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My Experience as a Vegan Athlete:

I’ve always been active and like to stay busy. I’m a cardio junkie, long-distance runner, and vinyasa yoga practitioner and teacher, so keeping up those activities on a vegan diet was—and still is—a priority.

Not only was I able to keep up, I actually saw my athletic ability improve—in my late 30s no less. After a few months on a whole foods, plant-based diet, I had clearer skin, improved digestion, better sleep, and more energy. Today, I’m stronger and more muscular than I’ve ever been. I’m a faster runner now than I was in my 20s.

Recovery from long runs and intense workouts is easier and quicker for me now. The muscle cramps I often experienced in the past disappeared once I went vegan. Improved recovery in vegan athletes is often attributed to the increased antioxidants in a plant-based diet.

Before finding my way to veganism, my assumptions about a vegan diet were informed by popular myths and misunderstandings—aren’t vegans all skinny and sickly? Many of my concerns surrounded strength and athletic ability—how could one get enough protein, vitamins, and nutrients needed to perform at a high level without meat or dairy?

Like most Americans, I grew up eating the Standard American Diet (SAD) which included the belief that animal products are critical to the human diet. Even as a child, I felt sad about animals dying in order to end up on our plates, but I was told like everyone else that eating dead animals is natural and necessary.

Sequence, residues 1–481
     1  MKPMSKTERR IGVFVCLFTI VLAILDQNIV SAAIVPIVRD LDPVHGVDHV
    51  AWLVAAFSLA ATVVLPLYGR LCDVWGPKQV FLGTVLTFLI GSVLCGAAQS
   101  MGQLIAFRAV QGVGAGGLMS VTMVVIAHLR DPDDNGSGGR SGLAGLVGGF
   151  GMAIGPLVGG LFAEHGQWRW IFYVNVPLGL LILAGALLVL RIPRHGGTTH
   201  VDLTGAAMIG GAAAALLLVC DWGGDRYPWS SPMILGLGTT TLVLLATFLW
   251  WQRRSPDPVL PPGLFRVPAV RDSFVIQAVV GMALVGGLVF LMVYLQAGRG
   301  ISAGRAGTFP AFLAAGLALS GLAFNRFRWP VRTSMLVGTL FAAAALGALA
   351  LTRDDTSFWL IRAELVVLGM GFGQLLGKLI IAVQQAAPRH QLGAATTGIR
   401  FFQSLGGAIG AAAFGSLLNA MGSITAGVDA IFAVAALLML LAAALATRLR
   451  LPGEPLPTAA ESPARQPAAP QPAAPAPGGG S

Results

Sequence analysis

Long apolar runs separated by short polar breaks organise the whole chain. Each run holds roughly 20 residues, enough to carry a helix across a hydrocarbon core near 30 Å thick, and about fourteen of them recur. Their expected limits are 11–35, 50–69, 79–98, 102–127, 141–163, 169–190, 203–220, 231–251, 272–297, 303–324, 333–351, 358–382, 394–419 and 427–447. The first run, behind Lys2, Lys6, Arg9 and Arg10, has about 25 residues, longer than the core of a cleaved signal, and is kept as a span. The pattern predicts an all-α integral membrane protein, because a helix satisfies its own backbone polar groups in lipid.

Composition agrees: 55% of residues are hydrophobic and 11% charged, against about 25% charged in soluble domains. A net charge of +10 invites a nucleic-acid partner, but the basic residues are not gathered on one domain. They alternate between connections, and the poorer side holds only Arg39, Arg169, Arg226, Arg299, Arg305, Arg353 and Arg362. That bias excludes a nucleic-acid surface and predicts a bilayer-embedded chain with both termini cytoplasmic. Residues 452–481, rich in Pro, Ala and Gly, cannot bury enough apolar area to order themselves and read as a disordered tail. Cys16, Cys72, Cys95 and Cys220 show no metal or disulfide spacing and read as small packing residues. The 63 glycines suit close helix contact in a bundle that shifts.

I wouldn’t know there was another option until well into adulthood. It would take many years of meeting healthy, happy vegans and reading a ton about plant-based nutrition, animal welfare, and the environmental impact of animal agriculture to spur a long-lasting change.

Plant-Based Nutrition:

Widespread misunderstandings about the viability of a plant-based diet often deter people from trying veganism. But the truth is, not only can you meet all the necessary requirements for protein, nutrients, and vitamins as an athlete, but you might find additional benefits from eating a plant-based, whole foods diet.

Research clearly indicates that a vegan diet improves blood flow, reduces inflammation throughout the body, increases the oxygenation of the brain and muscles, and shortens recovery time.

But what about protein?! Aren’t plant foods lacking in amino acids, vitamins, and minerals that humans need? Truth—there is literally nothing in animal foods that you can’t get from plant foods.